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Biologists Find Striking Similarities between Human and Archaeal Chromosomes

The similar clustering of DNA in the chromosomes of humans and Archaea is significant because certain genes activate or deactivate based upon how they’re folded, according to a paper published in the journal Cell.

Sulfolobus sp.: each cell is outlined in red; the DNA is stained blue. Image credit: Stephen Bell, Indiana University.

Sulfolobus sp.: each cell is outlined in red; the DNA is stained blue. Image credit: Stephen Bell, Indiana University.

Archaea are one of the primary domains of cellular life, and are possibly the most ancient form of life: putative fossils of archaeal cells in stromatolites have been dated to almost 3.5 billion years ago.

Like bacteria, these single-celled microorganisms are prokaryotes, meaning that they have no cell nucleus or any other organelles in their cells.

They thrive in a bewildering variety of habitats, from the familiar — soils and oceans — to the inhospitable and bizarre. They play major roles in modern-day biogeochemical cycles, and are central to debates about the origin of eukaryotic cells.

The new study, led by Indiana University’s Professor Stephen Bell, is the first to visualize the organization of DNA in archaeal chromosomes.

The study was conducted using Sulfolobus acidocaldarius and Sulfolobus islandicus — two species of Sulfolobus, a genus of Archaea that thrives at extremely high temperatures — because their physical durability allows them to be more easily used in experiments.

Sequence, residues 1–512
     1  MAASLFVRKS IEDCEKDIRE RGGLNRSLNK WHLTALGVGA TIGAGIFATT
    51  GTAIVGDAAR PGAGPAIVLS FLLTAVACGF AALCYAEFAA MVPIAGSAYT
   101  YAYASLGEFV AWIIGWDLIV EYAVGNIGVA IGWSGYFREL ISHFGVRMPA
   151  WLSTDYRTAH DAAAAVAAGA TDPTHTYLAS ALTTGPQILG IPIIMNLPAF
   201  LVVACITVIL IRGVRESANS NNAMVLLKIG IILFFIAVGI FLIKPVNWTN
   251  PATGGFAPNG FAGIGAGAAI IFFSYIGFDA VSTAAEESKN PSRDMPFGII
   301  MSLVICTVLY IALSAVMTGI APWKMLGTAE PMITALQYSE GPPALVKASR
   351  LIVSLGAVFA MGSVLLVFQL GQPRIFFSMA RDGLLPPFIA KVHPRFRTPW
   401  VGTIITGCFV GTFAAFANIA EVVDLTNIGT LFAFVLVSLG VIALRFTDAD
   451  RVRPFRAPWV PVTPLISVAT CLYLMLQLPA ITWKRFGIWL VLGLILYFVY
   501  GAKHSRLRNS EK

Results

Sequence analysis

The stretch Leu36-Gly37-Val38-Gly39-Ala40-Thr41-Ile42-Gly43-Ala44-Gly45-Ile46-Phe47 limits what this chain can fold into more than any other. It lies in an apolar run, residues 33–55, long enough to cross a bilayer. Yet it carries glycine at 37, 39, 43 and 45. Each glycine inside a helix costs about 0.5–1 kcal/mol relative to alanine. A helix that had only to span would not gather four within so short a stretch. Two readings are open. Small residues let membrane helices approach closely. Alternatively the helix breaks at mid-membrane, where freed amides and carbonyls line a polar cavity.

The key similarity between human and archaeal chromosomes was the way in which the DNA is arranged into clusters – or ‘discrete compartmentalizations’ — based upon their function.

“When we first saw the interaction patterns of the archaeal DNA, we were shocked. It looked just like what has been seen with human DNA,” Professor Bell said.

The study is also the first to describe the protein used to assemble archaeal DNA during cellular growth.

The researchers dubbed this large protein complex as coalescin due to its similarities to a protein in eukaryotes called condensin.

The advantages to the use of Archaea as a model for studying the organization of DNA during cellular growth in humans — and the relationship between that organization and the activation of genes that may trigger cancers — is their relative simplicity.

“Human cells are horrifyingly complex, and understanding the rules that govern DNA folding is extremely challenging,” Professor Bell said.

“The simplicity of Archaea means that they’ve got the potential to be a terrific model to help understand the fundamentally related — but much more complicated — cellular processes in humans.”


Naomichi Takemata et al. 2019. Physical and Functional Compartmentalization of Archaeal Chromosomes. Cell 179 (1): 165-179; doi: 10.1016/j.cell.2019.08.036

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